Opioid pain medications have become a primary drug of abuse for a number of age groups. Deaths by opioid overdose now surpass deaths by homicide and motor vehicle accidents in numerous states.

While Zohydro may be an effective pain management medication, it will very likely be sought (and purchased illegally) by those with severe opioid addictions trying to avoid daily opioid withdrawal sickness. Sadly, overdose deaths will result from the use of this medication in similar fashion to the problems that surfaced when oxycontin hit the market. Please keep yourself informed, and if you are suffering with opioid addiction and withdrawal sickness, seek treatment immediately. There is opioid detox, methadone medication assistance, and private physicians using suboxone to help patients cope with their addiction.

Recovery From Heroin Addiction Helps Parenting

methadone-clinic-7When a parent enters treatment for opioid addiction and begins methadone dosing, hopefully that person embraces the recovery process and the resumption of certain responsibilities that may have been neglected during addiction.

Many parents in addiction live with a sense of regret and shame over not always being there for their children. Opiate addiction is particularly brutal and can derail a person’s priorities for extended periods of time. Families can suffer, and their bonds strained to the limit for years because of drug addiction.

When a parent begins to find true recovery and is able to take an honest look at their life, they recognize how their mistakes affected others – most often their families and particularly their children.

Effective parenting requires a notable combination of talents & abilities – obviously love mixed with patience, availability, consistency, and attention. These qualities suffer and are diminished for a majority of addicted parents when drugs are in control. As the years roll on while a parent remains in active addiction, their children may develop behavior problems, experience depression or rage, or feel lonely or abandoned. Facing this damage can be very hard for a parent in early recovery. Trying to resume the role of an “active parent” may not be well-received once the kids have endured on their own without supervision or proper care.

Rebuilding trust and good communication will take time. As a parent in recovery, it will require a new commitment from you to your children (and family) to be there when you can and to be honest and genuine. Addicted people have often broken multiple promises to those they love. Family who were lied to or repeatedly disappointed will be in a cautious, protective mode for a long time – perhaps hopeful that Dad is really going to stay sober, yet fearful he will return to drugs and restart the painful cycle all over again.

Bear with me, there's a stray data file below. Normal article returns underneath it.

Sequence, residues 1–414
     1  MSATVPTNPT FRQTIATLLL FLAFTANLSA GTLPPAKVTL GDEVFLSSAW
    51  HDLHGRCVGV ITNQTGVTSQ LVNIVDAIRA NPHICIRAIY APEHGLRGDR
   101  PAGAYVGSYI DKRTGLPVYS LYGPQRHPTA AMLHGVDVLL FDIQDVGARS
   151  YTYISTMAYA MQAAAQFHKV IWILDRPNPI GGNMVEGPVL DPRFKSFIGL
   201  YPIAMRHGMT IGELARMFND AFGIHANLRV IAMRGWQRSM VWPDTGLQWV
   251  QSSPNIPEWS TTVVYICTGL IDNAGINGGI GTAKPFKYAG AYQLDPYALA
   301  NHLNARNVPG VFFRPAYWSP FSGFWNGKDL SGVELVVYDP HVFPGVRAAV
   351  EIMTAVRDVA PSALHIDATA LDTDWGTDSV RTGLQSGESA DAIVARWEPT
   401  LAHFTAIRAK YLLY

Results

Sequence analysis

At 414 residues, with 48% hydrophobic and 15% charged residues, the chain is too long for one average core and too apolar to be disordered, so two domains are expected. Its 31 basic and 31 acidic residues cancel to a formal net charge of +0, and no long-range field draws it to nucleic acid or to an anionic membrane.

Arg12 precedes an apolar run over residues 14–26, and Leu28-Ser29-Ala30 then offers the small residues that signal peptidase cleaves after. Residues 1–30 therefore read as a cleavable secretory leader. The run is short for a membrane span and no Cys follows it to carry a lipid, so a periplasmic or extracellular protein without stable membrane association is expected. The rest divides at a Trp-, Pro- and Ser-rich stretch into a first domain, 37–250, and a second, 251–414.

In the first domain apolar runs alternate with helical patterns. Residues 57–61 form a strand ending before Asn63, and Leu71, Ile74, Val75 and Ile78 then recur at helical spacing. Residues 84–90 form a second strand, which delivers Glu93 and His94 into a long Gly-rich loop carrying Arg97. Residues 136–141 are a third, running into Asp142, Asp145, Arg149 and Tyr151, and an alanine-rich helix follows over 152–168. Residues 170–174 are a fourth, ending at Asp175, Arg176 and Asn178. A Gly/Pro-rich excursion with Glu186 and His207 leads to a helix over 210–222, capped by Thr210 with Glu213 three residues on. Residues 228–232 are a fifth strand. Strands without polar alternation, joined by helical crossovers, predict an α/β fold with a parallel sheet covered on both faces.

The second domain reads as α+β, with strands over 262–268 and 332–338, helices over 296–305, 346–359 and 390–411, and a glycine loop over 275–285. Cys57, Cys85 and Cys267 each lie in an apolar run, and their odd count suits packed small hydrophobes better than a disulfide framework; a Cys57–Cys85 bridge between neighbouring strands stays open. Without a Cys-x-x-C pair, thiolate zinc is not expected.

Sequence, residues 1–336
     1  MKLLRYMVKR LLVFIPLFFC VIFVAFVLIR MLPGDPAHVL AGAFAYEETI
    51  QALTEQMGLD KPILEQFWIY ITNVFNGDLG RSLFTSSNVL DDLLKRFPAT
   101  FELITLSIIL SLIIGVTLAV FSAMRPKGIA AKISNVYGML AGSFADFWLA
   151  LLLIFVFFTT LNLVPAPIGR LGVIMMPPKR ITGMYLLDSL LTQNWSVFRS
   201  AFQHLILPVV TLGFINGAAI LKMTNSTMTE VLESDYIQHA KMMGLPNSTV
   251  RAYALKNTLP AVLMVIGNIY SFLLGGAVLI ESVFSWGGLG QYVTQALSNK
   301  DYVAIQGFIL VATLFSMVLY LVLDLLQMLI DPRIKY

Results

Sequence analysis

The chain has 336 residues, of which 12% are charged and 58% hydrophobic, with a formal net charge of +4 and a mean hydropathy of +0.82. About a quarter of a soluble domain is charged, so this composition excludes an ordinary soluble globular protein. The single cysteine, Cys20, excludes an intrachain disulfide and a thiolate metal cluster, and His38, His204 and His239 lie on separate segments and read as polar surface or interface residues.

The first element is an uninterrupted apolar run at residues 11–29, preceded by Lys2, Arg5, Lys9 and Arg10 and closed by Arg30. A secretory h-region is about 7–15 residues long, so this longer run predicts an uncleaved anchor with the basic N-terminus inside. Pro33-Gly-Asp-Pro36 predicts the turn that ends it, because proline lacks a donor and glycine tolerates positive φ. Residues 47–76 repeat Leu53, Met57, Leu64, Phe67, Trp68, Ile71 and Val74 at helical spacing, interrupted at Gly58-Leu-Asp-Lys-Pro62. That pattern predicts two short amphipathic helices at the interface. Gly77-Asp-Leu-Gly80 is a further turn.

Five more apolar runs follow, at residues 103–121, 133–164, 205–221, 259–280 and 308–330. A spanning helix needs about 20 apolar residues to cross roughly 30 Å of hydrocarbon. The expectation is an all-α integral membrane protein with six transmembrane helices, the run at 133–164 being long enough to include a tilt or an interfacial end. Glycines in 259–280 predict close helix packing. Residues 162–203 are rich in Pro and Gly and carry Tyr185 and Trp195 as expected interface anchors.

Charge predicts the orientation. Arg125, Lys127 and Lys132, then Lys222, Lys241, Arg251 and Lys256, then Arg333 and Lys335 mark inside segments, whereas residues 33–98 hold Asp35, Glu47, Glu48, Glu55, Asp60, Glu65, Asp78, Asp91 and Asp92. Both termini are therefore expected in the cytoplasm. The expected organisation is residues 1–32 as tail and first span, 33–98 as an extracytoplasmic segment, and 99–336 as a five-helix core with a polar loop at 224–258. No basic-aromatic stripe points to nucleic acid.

If you are a parent in recovery, you should have your own support group who can help to nurture you through the transitions and stresses of getting clean & sober and learning to deal with past damage. The path of recovery obviously involves a strong commitment to sober living. Good intentions are important, but real follow-through and demonstrated effort are much more important. It’s not enough to talk-the-talk. You must walk-the-walk if you are to truly succeed in achieving a sober life and recapturing the trust of those who were harmed or neglected.

The good news is that families, and children, often have a remarkable sense of love and willingness to forgive when they see that you are real about your recovery. Recovery changes people from the inside out. It returns people to a better form, and in some instances makes them better than they ever were. These positive changes in attitude, behavior, and lifestyle are visible to others. When they see the real you, the better you – that has evolved during the recovery process – the love, trust, and communication often return and may actually surpass what they once were.